Eavesdropping attacks are a method hackers use to obtain access to confidential details, including passwords and session tokens over a Wifi network. They do this by monitoring and/or interfering with the communication channel or gathering information by surveying the session packages. The information they access by eavesdropping can be used for the hackers’ profit or for sale to competitors.
Spam or phishing
Spam and phishing can affect hotels in the way that a hacker can pose as a reliable source such as a hotel, asking for sensitive data and pretending to be the hotel. This can severely damage the hotel’s reputation because the customers trust the hotel to guard their personal information carefully.
How to improve your hotel data security?
Improving hotel data security is an important step all hotels need to take in order to protect themselves from possible attacks. Keep reading to find out some steps that can be taken.
Make sure hotel equipment is only used for intended purposes
A good way to prevent information from leaking is to only allow the hotel computers and business devices to be used for their intended purposes. For example, if employees check their personal email or social media accounts, it’s easier for malware to be installed accidentally or for employees to fall for phishing attempts to their personal accounts. It’s recommended that point-of-sale computers are used only for this purpose and for no other.
Back up data regularly and keep systems up-to-date
Backing up data such as financial records, business plans, and confidential customer information to a backup server separate from the main system is a good strategy. Back ups should take place on a daily basis to a cloud storage, followed by weekly, quarterly and yearly server backups. In the case you were attacked then you would have the data available on another server. It’s also important for your devices and systems to be regularly updated with anti-virus software to keep them safe.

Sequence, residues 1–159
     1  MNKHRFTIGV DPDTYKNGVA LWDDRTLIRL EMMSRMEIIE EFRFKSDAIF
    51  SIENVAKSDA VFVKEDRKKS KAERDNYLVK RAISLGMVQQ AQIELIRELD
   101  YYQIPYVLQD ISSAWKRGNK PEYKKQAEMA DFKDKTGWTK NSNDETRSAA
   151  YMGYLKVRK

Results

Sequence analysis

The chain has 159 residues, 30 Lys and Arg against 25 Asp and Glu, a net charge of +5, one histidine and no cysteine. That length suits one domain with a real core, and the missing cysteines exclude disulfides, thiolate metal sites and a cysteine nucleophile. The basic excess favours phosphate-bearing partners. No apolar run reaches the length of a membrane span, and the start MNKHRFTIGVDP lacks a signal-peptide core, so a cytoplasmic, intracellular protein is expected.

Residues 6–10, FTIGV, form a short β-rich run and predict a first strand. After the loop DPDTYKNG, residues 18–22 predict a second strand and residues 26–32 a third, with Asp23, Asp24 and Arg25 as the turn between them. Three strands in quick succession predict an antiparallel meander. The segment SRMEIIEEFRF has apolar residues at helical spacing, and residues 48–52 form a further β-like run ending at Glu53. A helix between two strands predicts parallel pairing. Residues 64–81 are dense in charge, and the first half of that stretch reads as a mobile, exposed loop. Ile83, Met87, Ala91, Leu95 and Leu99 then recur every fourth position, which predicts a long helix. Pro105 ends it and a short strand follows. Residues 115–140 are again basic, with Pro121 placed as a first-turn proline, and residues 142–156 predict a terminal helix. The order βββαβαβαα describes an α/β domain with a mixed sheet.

The best practice to avoid breaches is to compartmentalize networks for their respective purposes. For example, you don’t want guests connecting to the same Wi-Fi as the network used for your hotel PMS. As many hotels nowadays provide free Wi-Fi, it’s important that you have a designated Wifi for guests and a separate one for the corporate network as letting anyone connect to your corporate network can leave hotels vulnerable. Furthermore, mobile phones and devices used by staff should be limited to the corporate network via firewalls.
Use secure passwords
Password security is fundamental to preventing data breaches. Make sure to frequently update your passwords, and use unique passwords for each program. If you don’t use different passwords for different accounts, then the hacker will be able to access all your accounts more easily, so change your passwords monthly, using a password generator or other smart tool. Don’t just use variations on the same password every time.
Education is key
Educate your staff about possible breaches. It’s important that employees recognize phishing attempts in order to protect them against attacks, and learn how to detect and deal with problems to minimize potential damage to the hotel’s data and reputation.
We’ve looked at what data breaches are, the different kinds of breaches and some tips on how to avoid them. Hotels are a likely target for hackers as they deal regularly with sensitive data and transfer of information. However, this can be remediated with the right PMS such as Mews. Transactions like payment requests have double authentication set up and hoteliers can protect information by having facial recognition turned on when they log in to their Mews session, among many other features designed to protect your properties.
By implementing some important protective measures such as secure passwords, compartmentalizing networks, regular backups and using designated hotel equipment only for designated purposes, data security breaches can be avoided.
Eva has over a decade of international experience in marketing, communication, events and digital marketing. When she's not at work, she's probably surfing, dancing, or exploring the world.